Deaths in truck crashes can be reduced if feds take these steps now, national safety board says

Last updated: 04-12-2021

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Deaths in truck crashes can be reduced if feds take these steps now, national safety board says

The independent federal government agency that investigates transportation crashes on Tuesday said limiting how fast trucks can go and installing braking systems to automatically stop trucks before crashing into the vehicle in front of them are among its 10 most wanted safety improvements for the next two years.

The National Transportation Safety Board included several long-standing recommendations designed to reduce crashes on the nation’s highways. NJ Advance Media reported that in January that 5,005 people died in truck crashes in 2019, up 36% over a decade, while safety solutions were ignored by the government and industry.

In trying to end crashes caused by speeding, the safety board called for developing standards to limit how fast trucks and buses can do, and then require they be installed on new heavy vehicles.

The board also called on federal regulators to issue standards for commercial vehicle systems warning drivers of collisions and automatically stopping a truck or bus, and then to require such technology in all vehicles.

“We’ve called for a long time for collision avoidance systems on trucks,” Board Chair Robert Sumwalt said.

The U.S. House last year approved transportation legislation that gave the federal government one year to set standards for automatic braking systems and require them to be turned on when a truck was being driven. Rep. Tom Malinowski, D-7th Dist., a member of the House Transportation Committee said that lawmakersplanned to include the provision in its new infrastructure legislation.

A coalition of 40 safety groups, insurance companies, consumer organizations, labor unions and others asked Transportation Secretary Pete Buttigieg to include safety measures such as automatic breaking and collision warning systems in trucks in the new $2 trillion infrastructure bill.

Another most wanted safety improvement was ending distracted driving, such as the use of cell phones or other devices by a driver. April is Distracted Driving Awareness Month.

Dan Horvath, vice president for safety policy for the American Trucking Associations, an industry group, said that’s a major issue for truckers.

“We hear it all the time from drivers out there that it’s a huge issue,” Horvath said.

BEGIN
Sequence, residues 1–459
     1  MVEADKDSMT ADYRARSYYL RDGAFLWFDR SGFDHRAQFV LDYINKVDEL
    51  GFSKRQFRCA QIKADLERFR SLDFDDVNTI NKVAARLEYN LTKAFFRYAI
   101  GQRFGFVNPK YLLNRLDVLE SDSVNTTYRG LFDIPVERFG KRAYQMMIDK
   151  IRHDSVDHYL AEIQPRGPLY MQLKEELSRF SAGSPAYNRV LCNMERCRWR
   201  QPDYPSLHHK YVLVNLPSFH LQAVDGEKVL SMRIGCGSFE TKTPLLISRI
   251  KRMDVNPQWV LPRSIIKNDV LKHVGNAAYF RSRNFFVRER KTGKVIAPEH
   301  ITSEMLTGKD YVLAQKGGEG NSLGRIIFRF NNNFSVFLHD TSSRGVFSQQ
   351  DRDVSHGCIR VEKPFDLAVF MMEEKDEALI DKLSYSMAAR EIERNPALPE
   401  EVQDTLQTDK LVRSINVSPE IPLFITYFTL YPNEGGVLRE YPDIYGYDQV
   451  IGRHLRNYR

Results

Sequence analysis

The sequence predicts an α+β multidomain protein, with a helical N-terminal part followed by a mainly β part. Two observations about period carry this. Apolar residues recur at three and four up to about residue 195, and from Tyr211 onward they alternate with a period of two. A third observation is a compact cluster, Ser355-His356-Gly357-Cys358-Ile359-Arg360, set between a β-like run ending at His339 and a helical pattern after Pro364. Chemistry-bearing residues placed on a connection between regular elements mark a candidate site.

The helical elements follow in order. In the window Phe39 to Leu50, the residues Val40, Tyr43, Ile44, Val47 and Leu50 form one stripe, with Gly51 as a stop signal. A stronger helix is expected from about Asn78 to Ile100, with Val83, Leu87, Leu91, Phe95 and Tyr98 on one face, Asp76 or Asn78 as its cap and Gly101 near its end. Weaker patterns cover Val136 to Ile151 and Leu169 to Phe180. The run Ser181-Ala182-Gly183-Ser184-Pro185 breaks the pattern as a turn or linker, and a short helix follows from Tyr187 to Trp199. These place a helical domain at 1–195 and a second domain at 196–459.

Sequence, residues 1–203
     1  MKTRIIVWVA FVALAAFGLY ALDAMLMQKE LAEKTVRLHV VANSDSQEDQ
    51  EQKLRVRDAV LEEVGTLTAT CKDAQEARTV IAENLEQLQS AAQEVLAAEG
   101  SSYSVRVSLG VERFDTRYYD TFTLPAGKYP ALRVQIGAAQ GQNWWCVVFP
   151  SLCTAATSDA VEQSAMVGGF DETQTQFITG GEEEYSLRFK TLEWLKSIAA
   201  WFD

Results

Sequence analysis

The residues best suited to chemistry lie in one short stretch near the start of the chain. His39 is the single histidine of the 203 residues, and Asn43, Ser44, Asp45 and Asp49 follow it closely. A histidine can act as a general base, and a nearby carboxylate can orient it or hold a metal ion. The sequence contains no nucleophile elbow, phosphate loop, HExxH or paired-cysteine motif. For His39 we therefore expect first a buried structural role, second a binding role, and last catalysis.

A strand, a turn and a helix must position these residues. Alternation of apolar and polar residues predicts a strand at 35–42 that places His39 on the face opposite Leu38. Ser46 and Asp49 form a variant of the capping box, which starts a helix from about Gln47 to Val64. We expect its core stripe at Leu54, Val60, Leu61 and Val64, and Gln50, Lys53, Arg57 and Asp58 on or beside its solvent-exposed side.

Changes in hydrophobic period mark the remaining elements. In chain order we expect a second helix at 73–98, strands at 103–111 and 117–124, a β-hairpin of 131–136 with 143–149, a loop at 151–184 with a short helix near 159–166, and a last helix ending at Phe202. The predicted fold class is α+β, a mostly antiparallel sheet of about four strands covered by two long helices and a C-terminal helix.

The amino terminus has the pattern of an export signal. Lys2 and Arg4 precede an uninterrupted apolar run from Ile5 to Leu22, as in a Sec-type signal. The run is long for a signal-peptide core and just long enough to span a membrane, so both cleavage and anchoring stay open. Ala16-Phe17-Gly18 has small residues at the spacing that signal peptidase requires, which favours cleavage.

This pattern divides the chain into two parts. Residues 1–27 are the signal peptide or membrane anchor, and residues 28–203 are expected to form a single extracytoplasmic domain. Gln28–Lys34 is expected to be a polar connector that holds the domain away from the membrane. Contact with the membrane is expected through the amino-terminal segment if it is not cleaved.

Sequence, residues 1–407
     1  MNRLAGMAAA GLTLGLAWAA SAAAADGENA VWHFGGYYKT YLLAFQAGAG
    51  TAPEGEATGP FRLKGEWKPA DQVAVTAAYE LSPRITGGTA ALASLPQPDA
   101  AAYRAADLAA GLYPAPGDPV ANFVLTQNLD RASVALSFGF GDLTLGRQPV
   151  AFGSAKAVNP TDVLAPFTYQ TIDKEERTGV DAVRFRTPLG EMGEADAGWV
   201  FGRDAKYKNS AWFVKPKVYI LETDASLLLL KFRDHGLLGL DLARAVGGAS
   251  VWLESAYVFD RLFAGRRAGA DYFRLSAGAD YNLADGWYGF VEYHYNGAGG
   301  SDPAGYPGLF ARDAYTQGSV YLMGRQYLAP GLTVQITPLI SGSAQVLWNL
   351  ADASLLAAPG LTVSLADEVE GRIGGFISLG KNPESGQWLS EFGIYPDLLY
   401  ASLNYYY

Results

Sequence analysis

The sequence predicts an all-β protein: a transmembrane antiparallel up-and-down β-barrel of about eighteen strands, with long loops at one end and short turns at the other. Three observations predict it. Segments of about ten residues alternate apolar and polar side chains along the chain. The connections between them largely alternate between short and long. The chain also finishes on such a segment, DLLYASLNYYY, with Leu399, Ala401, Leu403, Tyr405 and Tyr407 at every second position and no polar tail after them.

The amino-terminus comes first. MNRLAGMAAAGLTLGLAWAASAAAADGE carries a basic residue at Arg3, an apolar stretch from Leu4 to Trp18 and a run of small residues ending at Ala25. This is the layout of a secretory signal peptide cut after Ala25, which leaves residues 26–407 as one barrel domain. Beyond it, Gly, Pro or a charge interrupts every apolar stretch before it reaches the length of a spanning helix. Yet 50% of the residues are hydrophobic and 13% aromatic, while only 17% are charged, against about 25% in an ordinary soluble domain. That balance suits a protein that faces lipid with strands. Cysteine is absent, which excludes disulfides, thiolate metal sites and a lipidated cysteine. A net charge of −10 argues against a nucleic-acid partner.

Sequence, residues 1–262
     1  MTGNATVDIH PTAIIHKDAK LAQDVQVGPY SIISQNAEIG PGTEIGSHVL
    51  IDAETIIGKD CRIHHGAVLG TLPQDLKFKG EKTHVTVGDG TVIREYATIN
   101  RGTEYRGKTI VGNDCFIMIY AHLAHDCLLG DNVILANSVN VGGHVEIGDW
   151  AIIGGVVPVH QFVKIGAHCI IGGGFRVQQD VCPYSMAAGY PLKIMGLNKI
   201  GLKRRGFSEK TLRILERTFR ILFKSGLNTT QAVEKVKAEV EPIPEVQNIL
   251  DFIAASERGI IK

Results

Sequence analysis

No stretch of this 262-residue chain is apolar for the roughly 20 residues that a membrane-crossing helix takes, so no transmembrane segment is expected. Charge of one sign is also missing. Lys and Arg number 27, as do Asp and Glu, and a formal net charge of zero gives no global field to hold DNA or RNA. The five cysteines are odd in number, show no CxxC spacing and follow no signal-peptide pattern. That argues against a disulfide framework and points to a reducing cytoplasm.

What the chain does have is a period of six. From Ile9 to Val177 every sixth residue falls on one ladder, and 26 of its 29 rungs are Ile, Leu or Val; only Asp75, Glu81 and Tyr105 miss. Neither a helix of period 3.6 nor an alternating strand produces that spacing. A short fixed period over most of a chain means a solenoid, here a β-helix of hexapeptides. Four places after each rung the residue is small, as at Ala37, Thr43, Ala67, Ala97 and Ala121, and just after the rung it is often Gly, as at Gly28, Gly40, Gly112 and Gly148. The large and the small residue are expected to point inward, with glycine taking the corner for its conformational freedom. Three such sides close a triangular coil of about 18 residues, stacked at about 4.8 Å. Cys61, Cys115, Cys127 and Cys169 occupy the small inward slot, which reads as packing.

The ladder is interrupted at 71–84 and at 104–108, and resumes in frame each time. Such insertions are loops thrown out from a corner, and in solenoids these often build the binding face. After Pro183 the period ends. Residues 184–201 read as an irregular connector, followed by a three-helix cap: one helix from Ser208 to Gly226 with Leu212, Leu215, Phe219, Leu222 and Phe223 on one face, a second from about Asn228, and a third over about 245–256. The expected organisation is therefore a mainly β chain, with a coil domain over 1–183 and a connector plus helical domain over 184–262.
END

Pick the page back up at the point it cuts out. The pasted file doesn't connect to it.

U.S. Sen. Amy Klobuchar, D-Minn., and Rep. Raja Krishnamoorthi, D-Ill., have introduced legislation providing funding to states to enforce distracted driving laws.

The safety board said it has spent more than 25 years calling for systems designed to avoid collisions.

“These are marathons and it takes a long time,” said Cathy Chase, president of Advocates for Highway and Auto Safety, an alliance of consumer, health, law enforcement and insurance industry groups. “Unfortunately, a lot of preventable deaths are happening, which is the true tragedy, while we have the proper technology to prevent or mitigate fatalities and injuries.”

Missing from this year’s most wanted list are efforts to address driver fatigue, including testing for sleep apnea, which has been blamed for at least two recent fatal crashes in New Jersey.

“It does not mean it’s not important,” Sumwalt said. “What we’re looking for are those recommendations that are ripe for action. We felt there were other issues that were more ripe to be implemented.”

The safety board blamed driver fatigue for the June 2014 fatal crash on the New Jersey Turnpike that seriously injured comedian Tracy Morgan and killed fellow comedian James McNair. A Wal-Mart tractor-trailer crashed into a limo bus carrying Morgan and others in Cranbury, setting off a chain reaction collision that eventually involved six vehicles and 21 people.

And the probable cause of the September 2016 fatal train crash at Hoboken Terminal, which killed one person and injured 108 others, was the engineer’s fatigue due to undiagnosed obstructive sleep apnea, the safety board said.

The Federal Railroad Administration and Federal Motor Carrier Safety Administration in March 2016 proposed requiring such testing, but the agencies dropped their effortsafter President Donald Trump took office.

The House bill gave the Federal Motor Carrier Safety Administration six months to study the risks associated with untreated sleep apnea and 12 months to begin drafting a rule to address the issue for drivers of commercial vehicles.

The other 2021-22 most-wanted improvements were:

-- prevent driving under the influence of alcohol and drugs

-- use crash-resistant flight recorders and set up flight data monitoring programs

-- improve the detection and mitigation of pipeline leaks

-- improve the safety of passenger and fishing boats.

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Jonathan D. Salantmay be reached at jsalant@njadvancemedia.com. Follow him at @JDSalant.

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